He also distinguished himself as Commanding Officer of the 3rd Infantry Brigade (Separate), and later on as the Commanding General of the 3rd Infantry Division, and Central Mindanao Command (CENCOM).
Maj. Gen. Abat finally served as Commanding General of the Philippine Army from March 28, 1976 to March 28, 1981. Tragedy befell the family of Maj. Gen. Abat, when his son, 2Lt. Tito B. Abat, died during an encounter with the New People's Army in Eastern Samar, a year after graduating from the Philippine Military Academy.
Immediately after his retirement from active military service, he joined the Ministry of Human Settlements. A few months later, he was named Ambassador to the People’s Republic of China where he served from May 1981 until after EDSA Revolution on April 1986.
Upon his return from his Ambassadorship in PROC, Abat was first appointed as the Administrator of the Philippine Veterans Affairs Office (PVAO), a DND agency. Later on, he was named Undersecretary of National Defense (USND) during the term of Defense Secretary Rafael Ileto. He also served as USND during the term of then Defense Secretary Fidel V. Ramos, but he left the Department and was designated Deputy Director General to Secretary Rafael Ileto who later headed the National Security Council (NSC).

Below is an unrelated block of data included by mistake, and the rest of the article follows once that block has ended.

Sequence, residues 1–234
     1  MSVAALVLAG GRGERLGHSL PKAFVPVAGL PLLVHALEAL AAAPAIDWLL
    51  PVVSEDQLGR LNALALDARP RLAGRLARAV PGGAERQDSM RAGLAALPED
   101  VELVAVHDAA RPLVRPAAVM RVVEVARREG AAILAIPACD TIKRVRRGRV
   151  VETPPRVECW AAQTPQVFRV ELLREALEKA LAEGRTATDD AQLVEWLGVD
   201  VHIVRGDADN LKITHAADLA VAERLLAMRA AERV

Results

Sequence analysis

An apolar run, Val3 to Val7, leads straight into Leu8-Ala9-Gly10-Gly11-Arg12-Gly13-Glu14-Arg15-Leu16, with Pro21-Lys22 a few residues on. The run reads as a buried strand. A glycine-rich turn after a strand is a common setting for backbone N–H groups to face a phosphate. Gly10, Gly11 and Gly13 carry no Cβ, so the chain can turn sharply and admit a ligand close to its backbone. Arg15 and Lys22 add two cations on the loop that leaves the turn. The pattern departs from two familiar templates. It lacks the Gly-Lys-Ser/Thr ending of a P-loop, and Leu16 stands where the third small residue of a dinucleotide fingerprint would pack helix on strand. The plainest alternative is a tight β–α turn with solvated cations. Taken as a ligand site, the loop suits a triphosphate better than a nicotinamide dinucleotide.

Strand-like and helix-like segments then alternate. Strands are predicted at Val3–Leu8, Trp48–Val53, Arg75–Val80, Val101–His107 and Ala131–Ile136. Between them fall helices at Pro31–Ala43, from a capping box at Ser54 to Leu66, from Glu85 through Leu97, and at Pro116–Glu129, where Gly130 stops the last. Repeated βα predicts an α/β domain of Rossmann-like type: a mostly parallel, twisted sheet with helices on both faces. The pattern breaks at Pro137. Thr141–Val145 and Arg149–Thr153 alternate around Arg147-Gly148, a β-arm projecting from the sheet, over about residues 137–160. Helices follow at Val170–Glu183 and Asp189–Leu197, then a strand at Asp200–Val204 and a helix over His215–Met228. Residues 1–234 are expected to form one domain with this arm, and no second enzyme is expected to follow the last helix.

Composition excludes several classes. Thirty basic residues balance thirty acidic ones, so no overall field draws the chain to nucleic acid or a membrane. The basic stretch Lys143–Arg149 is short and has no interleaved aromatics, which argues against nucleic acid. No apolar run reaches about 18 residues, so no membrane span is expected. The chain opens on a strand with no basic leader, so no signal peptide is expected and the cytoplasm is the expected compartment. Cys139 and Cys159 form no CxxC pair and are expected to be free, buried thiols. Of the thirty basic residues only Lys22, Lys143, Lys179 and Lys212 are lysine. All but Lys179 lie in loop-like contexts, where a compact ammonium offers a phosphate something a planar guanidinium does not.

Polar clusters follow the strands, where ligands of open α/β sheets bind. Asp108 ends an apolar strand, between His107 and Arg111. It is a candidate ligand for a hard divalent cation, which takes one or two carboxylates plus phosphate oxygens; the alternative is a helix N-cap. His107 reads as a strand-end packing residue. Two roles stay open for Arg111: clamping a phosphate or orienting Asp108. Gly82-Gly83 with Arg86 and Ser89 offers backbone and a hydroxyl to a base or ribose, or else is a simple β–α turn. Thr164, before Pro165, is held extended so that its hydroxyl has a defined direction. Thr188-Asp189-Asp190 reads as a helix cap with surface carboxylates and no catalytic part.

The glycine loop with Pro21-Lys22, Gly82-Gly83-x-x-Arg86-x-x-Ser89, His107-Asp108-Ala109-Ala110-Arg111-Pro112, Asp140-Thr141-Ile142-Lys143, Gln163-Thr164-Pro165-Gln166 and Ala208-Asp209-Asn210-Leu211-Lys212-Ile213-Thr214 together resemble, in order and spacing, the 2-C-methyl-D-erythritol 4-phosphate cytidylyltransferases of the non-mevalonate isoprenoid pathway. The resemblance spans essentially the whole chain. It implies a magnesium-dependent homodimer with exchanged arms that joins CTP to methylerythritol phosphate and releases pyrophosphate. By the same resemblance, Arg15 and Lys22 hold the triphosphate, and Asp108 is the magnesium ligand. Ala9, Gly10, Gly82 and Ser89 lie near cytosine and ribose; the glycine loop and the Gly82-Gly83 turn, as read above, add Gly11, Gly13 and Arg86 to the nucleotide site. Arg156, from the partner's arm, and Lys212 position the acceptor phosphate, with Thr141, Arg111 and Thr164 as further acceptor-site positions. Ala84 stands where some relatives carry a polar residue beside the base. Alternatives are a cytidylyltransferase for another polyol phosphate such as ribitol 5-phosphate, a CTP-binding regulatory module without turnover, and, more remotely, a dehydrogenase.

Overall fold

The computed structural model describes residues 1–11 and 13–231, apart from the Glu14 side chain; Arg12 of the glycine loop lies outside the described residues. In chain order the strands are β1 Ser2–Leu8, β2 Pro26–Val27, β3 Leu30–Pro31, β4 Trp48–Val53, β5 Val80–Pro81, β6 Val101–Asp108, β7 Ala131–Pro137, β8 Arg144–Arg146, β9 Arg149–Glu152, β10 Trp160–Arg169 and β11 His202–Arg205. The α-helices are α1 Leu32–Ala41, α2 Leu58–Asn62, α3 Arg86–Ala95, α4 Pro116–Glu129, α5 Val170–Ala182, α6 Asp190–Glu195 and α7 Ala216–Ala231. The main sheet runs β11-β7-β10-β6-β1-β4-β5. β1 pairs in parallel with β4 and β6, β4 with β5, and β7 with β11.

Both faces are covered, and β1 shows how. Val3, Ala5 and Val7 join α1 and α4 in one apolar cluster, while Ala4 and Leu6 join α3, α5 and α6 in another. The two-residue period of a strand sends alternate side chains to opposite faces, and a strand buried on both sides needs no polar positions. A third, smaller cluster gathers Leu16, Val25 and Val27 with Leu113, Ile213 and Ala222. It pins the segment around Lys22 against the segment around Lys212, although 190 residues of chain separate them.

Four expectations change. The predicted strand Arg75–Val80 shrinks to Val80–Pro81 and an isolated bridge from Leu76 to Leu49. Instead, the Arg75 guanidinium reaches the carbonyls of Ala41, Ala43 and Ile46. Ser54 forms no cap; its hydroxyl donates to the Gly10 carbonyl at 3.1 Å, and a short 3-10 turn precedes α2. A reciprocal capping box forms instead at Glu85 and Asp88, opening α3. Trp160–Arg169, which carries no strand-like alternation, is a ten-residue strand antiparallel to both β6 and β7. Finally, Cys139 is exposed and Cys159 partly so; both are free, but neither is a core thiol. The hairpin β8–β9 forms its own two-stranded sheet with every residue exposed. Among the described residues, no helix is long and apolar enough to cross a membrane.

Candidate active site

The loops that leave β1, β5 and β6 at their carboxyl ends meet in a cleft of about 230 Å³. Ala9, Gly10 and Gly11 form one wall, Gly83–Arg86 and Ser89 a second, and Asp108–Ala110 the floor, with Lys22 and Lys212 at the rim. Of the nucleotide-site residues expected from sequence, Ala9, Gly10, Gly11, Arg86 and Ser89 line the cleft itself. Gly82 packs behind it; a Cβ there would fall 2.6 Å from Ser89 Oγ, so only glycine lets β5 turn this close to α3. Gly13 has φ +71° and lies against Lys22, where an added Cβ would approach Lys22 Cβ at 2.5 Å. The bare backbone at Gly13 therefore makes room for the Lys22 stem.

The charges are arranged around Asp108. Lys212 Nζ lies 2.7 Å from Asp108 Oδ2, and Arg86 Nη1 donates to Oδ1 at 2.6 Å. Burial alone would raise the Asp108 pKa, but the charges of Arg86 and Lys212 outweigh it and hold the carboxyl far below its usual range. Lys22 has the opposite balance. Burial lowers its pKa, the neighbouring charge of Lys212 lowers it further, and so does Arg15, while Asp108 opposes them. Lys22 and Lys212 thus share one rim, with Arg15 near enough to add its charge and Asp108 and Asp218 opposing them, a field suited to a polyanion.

During the presidency of Fidel Ramos, Abat was the Chairman of the Peace Panel of the Philippine Government during the negotiations with the Moro National Liberation Front (MNLF), which led to signing of a peace treaty on July 18, 1997, ending the three decade old armed hostilities between the Republic of the Philippines and the MILF. He also served as the 20th Secretary of the Department of National Defense from September 16, 1997 to June 30, 1998.
During the height of the Impeachment trial of President Joseph Estrada, Abat along with his colleagues in the Association of General and Flag Officers (AGFO) called for the resignation of the President through a Manifesto.
Later life[edit | edit source]